We have found abundant evidence that it is hard for men to be converted and saved. This sentiment is sustained by the Bible, by the nature of the gospel provisions, by observation, by the experience of the world, both saints and sinners. Something you may do in religion with but little sacrifice, and little sense of difficulty. But the work will be superficial, and the goodness like the morning cloud and the early dew. The change of character that prepares for heaven is a "great change.” Appetite and passion do not yield their supremacy at a single nod. Principles of sin, that have been gathering strength from infancy up to this hour, are not to be displaced by a single word. The human heart never rcnounces the vain world, and rises to God, and puts on the “image of the heavenly,” by any common effort. No; the great change is of God; and it is purposely wrought in such a manner as to teach the creature his utter ruin, and to draw from his humbled spirit a gushing tide of gratitude to Heaven.
Have you the hope that you have passed from death unto life? If it be genuine, you have found religion pleasant indeed ; but you know, too, that you have encountered difficulty. You can perhaps recur to a period when, with all your anxieties and doings to gain eternal life, you felt that you were steadily receding from hope and heaven—"nothirg bettered, but rather growing worse.” You can perhaps remember, that, in view of the deformity and obduracy of the heart, you sunk down in utter despair of relief from yourself, from friends, from the world, and rested your last hope only on the grace and power of the Holy One. Is there something like this in your experience? It accords with the experience of others, and among them some whose religious influence has been felt by thousands, by millions. Look at the case of Paul, of the jailer, and every Scripture example of conversion in which the first awakened feelings are described. Read the Conversion of Edwards, of Bunyan, of Brainerd, of Payson, of Mills, of Eleanor Emerson, and others who shine as stars in the firmament. These all speak a language much less flattering to human pride and false security, than that it is an easy matter to be converted and saved. They say with David--and the sentiment is reiterated by millions in both worlds--"He brought me up also out of the horrible pit and miry clay, and hath put a new song into my mouth, even praise to the living God."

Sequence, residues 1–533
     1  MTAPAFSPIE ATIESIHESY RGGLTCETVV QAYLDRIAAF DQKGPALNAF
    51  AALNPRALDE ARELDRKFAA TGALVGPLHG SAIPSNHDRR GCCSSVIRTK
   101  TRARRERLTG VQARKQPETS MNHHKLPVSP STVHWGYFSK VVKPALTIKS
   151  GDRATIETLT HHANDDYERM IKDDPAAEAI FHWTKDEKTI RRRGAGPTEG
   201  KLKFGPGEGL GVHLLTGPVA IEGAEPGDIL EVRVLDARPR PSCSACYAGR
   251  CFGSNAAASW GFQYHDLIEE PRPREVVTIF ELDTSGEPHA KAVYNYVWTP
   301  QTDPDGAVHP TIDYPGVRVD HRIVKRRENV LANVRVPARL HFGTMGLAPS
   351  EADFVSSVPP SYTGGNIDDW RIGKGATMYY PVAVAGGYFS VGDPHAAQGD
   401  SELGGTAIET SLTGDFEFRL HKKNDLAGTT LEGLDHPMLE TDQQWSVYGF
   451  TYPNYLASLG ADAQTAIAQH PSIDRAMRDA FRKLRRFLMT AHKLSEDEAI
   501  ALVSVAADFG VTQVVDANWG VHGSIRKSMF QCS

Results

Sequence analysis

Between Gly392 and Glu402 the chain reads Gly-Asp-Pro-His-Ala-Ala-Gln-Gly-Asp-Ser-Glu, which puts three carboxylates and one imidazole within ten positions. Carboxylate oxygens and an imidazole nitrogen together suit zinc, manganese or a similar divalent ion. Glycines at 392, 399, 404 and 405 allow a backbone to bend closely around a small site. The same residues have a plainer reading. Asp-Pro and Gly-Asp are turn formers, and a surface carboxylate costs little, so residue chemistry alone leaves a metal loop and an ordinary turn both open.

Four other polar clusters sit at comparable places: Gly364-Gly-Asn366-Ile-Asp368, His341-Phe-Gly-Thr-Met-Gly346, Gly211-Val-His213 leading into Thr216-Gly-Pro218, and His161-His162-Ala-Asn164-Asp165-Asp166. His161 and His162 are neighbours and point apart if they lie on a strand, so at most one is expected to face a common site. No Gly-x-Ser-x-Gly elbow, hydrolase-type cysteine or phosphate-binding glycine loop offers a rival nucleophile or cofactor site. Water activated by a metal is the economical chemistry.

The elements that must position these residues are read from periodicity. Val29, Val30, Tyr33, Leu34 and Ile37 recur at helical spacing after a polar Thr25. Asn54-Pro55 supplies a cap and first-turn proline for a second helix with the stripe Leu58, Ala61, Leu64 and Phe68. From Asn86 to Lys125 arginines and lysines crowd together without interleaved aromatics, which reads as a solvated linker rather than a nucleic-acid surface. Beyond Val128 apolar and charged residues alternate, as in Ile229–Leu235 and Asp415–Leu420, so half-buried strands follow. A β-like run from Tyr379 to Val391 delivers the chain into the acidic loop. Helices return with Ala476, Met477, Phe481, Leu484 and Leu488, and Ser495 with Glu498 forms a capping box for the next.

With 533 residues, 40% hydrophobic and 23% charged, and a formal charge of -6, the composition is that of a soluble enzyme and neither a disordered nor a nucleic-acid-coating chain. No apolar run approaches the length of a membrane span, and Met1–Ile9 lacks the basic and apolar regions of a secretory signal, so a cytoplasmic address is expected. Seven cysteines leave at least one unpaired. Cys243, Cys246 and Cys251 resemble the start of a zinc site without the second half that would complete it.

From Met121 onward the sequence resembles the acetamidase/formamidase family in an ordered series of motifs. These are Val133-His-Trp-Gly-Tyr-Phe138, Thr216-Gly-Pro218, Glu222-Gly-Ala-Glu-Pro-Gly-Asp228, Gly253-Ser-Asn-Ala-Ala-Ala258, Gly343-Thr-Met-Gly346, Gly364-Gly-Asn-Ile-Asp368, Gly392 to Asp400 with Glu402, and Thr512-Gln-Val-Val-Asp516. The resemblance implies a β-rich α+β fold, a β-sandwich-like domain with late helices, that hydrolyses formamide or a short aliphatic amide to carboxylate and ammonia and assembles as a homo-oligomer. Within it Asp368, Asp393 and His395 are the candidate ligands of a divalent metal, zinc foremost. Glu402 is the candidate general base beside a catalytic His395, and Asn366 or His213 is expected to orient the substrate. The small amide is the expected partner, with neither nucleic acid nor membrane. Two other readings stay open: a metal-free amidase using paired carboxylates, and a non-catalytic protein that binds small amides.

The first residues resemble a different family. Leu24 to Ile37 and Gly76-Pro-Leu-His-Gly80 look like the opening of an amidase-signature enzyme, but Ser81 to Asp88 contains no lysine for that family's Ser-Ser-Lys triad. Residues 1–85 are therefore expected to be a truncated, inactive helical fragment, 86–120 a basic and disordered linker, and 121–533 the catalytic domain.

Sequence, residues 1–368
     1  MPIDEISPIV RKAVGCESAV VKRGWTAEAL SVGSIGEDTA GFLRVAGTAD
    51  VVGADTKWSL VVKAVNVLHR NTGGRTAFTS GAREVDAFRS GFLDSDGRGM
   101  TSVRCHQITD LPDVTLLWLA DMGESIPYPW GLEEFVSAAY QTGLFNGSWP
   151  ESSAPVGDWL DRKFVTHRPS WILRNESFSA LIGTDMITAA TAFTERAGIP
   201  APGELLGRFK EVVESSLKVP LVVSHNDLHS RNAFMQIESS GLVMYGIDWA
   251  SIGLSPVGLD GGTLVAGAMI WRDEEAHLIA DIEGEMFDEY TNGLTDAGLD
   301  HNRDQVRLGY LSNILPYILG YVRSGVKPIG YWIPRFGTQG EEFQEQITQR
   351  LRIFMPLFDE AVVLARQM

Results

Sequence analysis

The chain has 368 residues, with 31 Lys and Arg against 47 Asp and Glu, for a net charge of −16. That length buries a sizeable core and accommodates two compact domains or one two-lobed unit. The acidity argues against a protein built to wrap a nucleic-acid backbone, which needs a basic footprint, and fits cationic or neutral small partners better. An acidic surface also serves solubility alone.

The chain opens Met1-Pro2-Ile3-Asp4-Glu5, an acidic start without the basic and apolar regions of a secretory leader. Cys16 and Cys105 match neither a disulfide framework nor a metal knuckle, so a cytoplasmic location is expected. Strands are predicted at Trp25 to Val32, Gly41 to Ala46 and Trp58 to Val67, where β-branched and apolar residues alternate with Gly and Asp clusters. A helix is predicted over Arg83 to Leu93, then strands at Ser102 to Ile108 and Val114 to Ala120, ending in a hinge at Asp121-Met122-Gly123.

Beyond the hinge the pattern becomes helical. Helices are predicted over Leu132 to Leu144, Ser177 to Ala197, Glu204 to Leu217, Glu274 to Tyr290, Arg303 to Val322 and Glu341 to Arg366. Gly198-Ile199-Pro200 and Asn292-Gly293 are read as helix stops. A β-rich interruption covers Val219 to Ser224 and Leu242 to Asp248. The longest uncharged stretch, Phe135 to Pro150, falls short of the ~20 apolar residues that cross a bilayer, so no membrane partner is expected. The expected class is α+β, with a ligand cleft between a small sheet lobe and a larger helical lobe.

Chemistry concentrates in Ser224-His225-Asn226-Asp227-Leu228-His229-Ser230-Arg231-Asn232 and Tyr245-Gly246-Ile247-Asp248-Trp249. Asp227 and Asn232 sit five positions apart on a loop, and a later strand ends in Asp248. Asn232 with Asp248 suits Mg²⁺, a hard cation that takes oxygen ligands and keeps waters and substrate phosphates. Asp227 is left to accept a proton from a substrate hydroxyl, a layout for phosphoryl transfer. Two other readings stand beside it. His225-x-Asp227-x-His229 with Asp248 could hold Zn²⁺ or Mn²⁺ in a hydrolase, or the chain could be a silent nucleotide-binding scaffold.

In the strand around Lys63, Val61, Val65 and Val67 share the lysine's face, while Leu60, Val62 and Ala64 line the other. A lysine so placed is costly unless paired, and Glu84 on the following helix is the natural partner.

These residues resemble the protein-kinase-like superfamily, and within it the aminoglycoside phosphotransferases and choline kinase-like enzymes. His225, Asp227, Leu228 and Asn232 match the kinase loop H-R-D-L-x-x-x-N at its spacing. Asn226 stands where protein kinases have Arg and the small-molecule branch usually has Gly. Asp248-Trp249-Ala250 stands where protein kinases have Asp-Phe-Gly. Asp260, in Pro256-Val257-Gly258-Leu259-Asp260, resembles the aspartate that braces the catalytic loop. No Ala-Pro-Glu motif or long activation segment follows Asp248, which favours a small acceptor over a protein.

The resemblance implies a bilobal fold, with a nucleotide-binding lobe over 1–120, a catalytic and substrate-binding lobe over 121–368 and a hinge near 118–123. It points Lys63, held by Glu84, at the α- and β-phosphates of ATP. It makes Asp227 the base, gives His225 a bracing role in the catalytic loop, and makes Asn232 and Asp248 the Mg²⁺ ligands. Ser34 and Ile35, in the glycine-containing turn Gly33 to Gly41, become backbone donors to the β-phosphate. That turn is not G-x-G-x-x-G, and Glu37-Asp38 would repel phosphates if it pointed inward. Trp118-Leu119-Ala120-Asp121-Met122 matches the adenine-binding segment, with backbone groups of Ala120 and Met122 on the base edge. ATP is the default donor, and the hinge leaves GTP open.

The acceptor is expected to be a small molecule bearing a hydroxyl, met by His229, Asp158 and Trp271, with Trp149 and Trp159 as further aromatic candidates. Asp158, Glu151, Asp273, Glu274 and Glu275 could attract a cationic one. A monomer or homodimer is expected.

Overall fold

Finally; our subject solemnly urges sinners at once to make God their refuge and help.
Perhaps you have often felt the necessity of something being done more effectually for your salvation. You have been aware that your spirit and that of God were not in harmony. After all you have done, you have seen the necessity of some better training, as a preparation to mingle with the saved in heaven. You have perhaps cherished anxiety, and tried to repent, and tried to embrace Christ, and strug rise from the miry clay to a standing on the rock, and sought the aid of others, supposed to be acquainted with true piety, and to have power at the altar of mercy. And, possibly, after all, you are sensible of having labored without effect. And you have stopped and stood just where Israel stood, when pouring out the piteous lament, “ There is no hope : no; for I have loved strangers, and after them will I go."